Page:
2013. The estimated impact in the EU-34(hyp) in 2013 should, under the condition that the current CAP scheme prevails, give a rough approximation of the real impact that could be exerted in that unknown year in the remote future when the phasing-in of the last acceding Balkan 7 member state will have been concluded. Compared to estimates for an EU in 2015 (with the beginning of the phasing-in period) or 2025 (full costs with completed phasing-in), the creation of the hypothetical EU-34 and the calculation of the relevant full costs for 2013 has the advantage that the necessary GDP estimations for the EU total and the individual member states, candidates and potential candidates cover a relatively short period (2008-2013) while GDP data for the first four years (2004-2007) of the ten-year period investigated are already available as facts. This way uncertainties through estimations for years in the remote future can be avoided.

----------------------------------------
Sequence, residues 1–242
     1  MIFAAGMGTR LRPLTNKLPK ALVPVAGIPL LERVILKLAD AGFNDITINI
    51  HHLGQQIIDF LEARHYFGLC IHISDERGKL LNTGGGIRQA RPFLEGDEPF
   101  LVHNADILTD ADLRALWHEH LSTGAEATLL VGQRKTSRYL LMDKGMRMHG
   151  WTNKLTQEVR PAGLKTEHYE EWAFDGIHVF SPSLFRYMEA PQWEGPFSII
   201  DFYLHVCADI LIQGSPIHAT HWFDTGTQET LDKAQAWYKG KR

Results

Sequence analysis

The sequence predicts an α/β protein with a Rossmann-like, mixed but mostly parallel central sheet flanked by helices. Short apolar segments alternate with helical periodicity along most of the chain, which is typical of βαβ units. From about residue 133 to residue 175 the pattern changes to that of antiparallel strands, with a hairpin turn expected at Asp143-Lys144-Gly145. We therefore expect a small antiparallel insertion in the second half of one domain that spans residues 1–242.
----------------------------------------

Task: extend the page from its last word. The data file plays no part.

The assessment of the impact is based on GDP data and GDP estimations of the eco-nomies concerned and further on the available components of the CAP scheme for the current EU members for the years 2007-2013: the national ceilings for agricultural direct payments in 2007-2013 (European Union 2006a; 2006b)6, and the EU support for rural development 2007-20137. It is important to point out that CAP has a third, relatively small but by no means negligible component (market and price support) which will not be part of the present estimation due to the unpredictability of the item concerned. For this rea-son, instead of ‘CAP expenditures’, the expression ‘Direct Payments and Rural Develo-pment expenditures’ (D+R expenditures) will be used in the following. Direct Payments data used in the estimation constitute national upper limits; in real life they may be smaller, but in this case they reappear in the transfers for Rural Development and thus the D+R expenditures used in the estimation do not change.